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Despite Tariff War With U.S, China’s Economic Growth is Steady

The fight between the two biggest global economies has disrupted trade in goods from soybeans medical equipment, battering exporters on both sides and rattling financial markets.

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China
An employee working on the production line of an electronics factory is seen reflected on an equipment, in Jiaxing, Zhejiang province, China, April 2, 2019. VOA

China’s economic growth held steady in the latest quarter despite a tariff war with Washington, in a reassuring sign that Beijing’s efforts to reverse a slowdown might be gaining traction.

The world’s second-largest economy expanded by 6.4% over a year earlier in the three months ending in March, the government reported Wednesday. That matched the previous quarter for the weakest growth since 2009.

“This confirms that China’s economic growth is bottoming out and this momentum is likely to continue,” said Tai Hui of JP Morgan Asset Management in a report.

Government intervention

Communist leaders stepped up government spending last year and told banks to lend more after economic activity weakened, raising the risk of politically dangerous job losses.

Beijing’s decision to ease credit controls aimed at reining in rising debt “is starting to yield results,” Hui said.

Consumer spending, factory activity and investment all accelerated in March from the month before, the National Bureau of Statistics reported.

The economy showed “growing positive factors,” a bureau statement said.

A delivery worker pushes boxes of goods at the capital city's popular shopping mall in Beijing, April 4, 2019. The U.S. and China opened a ninth round of talks Wednesday, aiming to further narrow differences in an ongoing trade war.
A delivery worker pushes boxes of goods at the capital city’s popular shopping mall in Beijing, April 4, 2019. The U.S. and China opened a ninth round of talks Wednesday, aiming to further narrow differences in an ongoing trade war. VOA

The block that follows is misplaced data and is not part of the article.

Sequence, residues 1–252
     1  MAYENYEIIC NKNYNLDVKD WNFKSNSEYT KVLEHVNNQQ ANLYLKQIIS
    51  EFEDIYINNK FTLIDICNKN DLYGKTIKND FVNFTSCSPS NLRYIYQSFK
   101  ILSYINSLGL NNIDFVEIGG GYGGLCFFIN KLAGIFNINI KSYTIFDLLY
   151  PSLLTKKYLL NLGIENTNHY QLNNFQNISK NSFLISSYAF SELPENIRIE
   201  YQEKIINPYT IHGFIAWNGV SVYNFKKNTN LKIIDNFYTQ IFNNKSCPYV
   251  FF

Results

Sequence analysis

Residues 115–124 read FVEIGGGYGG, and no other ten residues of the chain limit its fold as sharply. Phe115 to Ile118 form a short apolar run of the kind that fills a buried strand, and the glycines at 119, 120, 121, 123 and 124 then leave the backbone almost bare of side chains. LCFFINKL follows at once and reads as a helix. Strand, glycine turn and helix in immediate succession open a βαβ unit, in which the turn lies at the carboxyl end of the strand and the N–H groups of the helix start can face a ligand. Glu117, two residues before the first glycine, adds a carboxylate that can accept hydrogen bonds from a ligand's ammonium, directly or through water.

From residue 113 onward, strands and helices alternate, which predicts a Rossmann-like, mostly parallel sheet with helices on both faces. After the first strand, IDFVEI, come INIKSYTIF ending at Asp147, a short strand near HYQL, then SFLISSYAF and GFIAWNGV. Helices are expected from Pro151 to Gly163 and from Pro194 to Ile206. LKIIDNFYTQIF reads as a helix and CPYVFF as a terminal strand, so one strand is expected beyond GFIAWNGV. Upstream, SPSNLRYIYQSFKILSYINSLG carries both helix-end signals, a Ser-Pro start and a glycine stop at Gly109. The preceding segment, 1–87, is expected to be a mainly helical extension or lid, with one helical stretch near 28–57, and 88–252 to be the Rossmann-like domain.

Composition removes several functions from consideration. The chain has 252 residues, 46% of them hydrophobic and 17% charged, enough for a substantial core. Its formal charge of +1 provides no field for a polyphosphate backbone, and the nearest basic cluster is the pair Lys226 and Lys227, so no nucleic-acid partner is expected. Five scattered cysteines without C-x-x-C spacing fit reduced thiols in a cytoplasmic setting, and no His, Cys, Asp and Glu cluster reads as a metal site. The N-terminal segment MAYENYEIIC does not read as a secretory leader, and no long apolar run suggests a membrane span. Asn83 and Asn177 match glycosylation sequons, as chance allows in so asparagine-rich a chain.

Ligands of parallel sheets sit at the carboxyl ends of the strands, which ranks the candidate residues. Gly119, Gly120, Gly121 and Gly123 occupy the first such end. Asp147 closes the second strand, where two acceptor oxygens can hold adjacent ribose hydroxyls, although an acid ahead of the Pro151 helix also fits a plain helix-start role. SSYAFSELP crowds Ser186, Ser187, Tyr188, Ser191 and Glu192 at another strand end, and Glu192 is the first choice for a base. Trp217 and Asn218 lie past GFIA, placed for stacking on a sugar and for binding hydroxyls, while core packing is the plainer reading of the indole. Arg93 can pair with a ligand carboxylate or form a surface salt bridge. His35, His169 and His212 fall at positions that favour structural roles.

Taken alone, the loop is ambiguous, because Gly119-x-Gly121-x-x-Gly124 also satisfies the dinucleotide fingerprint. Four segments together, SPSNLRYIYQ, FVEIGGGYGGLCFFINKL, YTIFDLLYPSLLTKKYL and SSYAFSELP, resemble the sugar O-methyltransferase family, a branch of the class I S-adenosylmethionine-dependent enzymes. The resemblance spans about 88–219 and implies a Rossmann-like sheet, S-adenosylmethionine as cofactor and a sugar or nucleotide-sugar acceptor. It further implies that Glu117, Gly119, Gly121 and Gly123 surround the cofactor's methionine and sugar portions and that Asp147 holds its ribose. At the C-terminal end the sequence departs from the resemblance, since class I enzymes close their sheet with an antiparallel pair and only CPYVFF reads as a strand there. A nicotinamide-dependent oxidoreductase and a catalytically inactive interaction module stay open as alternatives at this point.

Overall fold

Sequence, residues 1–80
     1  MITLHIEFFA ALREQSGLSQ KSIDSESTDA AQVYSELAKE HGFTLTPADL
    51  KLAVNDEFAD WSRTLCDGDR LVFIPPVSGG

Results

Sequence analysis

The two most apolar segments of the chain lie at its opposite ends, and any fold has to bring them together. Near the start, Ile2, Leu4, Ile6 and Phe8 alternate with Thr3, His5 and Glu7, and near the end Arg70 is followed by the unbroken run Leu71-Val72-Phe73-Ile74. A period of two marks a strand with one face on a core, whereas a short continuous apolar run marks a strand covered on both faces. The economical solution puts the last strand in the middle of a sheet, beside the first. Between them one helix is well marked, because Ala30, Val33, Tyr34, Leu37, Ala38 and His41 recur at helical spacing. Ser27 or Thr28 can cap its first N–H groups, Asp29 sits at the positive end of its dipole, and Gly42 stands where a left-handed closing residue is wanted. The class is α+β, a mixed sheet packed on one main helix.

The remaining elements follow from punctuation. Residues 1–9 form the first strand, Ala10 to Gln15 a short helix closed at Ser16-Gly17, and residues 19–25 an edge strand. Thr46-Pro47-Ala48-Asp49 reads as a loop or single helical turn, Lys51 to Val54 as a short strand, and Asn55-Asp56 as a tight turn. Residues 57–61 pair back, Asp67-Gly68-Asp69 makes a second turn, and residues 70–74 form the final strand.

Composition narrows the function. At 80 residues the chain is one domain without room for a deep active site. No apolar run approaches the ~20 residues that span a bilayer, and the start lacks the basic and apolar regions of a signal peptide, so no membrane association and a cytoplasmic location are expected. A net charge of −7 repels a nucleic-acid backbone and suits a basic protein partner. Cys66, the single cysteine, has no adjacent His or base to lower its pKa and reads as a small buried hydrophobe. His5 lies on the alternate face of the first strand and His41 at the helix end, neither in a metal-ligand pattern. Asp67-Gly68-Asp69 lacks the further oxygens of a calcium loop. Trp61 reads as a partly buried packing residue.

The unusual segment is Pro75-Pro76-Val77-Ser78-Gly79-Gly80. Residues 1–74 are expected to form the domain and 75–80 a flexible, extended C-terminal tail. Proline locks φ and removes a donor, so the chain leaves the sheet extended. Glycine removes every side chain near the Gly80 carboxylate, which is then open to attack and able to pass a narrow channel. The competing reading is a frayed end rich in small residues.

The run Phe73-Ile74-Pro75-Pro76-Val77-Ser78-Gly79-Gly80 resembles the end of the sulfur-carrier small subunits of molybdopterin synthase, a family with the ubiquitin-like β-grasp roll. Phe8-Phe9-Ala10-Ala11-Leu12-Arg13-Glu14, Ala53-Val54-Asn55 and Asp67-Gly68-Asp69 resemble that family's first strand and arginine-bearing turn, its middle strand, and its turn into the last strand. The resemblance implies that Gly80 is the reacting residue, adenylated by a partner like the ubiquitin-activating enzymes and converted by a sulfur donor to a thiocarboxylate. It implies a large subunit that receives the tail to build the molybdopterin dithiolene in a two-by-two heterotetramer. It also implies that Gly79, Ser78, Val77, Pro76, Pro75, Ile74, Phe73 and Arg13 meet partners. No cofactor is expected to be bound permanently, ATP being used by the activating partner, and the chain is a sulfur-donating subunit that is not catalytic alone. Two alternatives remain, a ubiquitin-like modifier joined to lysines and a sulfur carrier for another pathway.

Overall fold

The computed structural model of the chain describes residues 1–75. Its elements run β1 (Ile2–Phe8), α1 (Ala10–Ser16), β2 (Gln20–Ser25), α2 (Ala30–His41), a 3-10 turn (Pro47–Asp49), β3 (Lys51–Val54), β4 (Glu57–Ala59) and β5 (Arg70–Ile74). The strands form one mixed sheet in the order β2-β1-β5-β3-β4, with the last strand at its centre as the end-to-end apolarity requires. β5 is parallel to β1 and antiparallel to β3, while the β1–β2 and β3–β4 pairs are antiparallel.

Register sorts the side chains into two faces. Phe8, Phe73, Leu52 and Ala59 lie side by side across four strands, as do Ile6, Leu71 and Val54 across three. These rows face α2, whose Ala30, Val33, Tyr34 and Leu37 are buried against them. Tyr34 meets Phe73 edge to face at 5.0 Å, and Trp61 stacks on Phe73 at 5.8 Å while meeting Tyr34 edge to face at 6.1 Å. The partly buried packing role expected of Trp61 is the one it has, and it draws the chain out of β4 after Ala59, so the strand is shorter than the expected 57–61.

Recovery later this year

Forecasters expect Chinese growth to bottom out and start to recover later this year. They expected a recovery last year but pushed back that time line after President Donald Trump hiked tariffs on Chinese imports over complaints about Beijing’s technology ambitions.

The fight between the two biggest global economies has disrupted trade in goods from soybeans medical equipment, battering exporters on both sides and rattling financial markets.

The two governments say settlement talks are making progress, but penalties on billions of dollars of each other’s goods are still in place.

China’s top economic official, Premier Li Keqiang, announced an annual official growth target of 6% to 6.5% in March, down from last year’s 6.6% rate.

Li warned of “rising difficulties” in the global economy and said the ruling Communist Party plans to step up deficit spending this year to shore up growth.

Beijing’s stimulus measures have temporarily set back official plans to reduce reliance on debt and investment to support growth.

Also in March, exports rebounded from a contraction the previous month, rising 14.2% over a year earlier. Still, exports are up only 1.4% so far this year, while imports shrank 4.8% in a sign of weak Chinese domestic demand.

China
Chinese leaders warned previously any economic recovery will be “L-shaped,” meaning once the downturn bottomed out, growth would stay low. VOA

Auto sales fell 6.9% in March from a year ago, declining for a ninth month. But that was an improvement over the 17.5% contraction in January and February.

Tariffs’ effect long-lasting

Economists warn that even if Washington and Beijing announce a trade settlement in the next few weeks or months, it is unlikely to resolve all the irritants that have bedeviled relations for decades.

The two governments agreed Dec. 1 to postpone further penalties while they negotiate, but punitive charges already imposed on billions of dollars of goods stayed in place.

Even if they make peace, the experience of other countries suggests it can take four to five years for punitive duties to “dissipate fully,” said Jamie Thompson of Capital Economics in a report last week.

Chinese leaders warned previously any economic recovery will be “L-shaped,” meaning once the downturn bottomed out, growth would stay low.

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Credit growth accelerated in March, suggesting companies are stepping up investment and production.

Total profit for China’s national-level state-owned banks, oil producers, phone carriers and other companies rose 13.1% over a year ago in the first quarter, the government reported Tuesday. Revenue rose 6.3% and investment rose 9.7%. (VOA)

Next Story

Roadmap for Financing for India (Behind Infra Lines)

Roadmap for the next phase of growth

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finanace
The efficiency in the financial management of government resources deserves more attention. Pixabay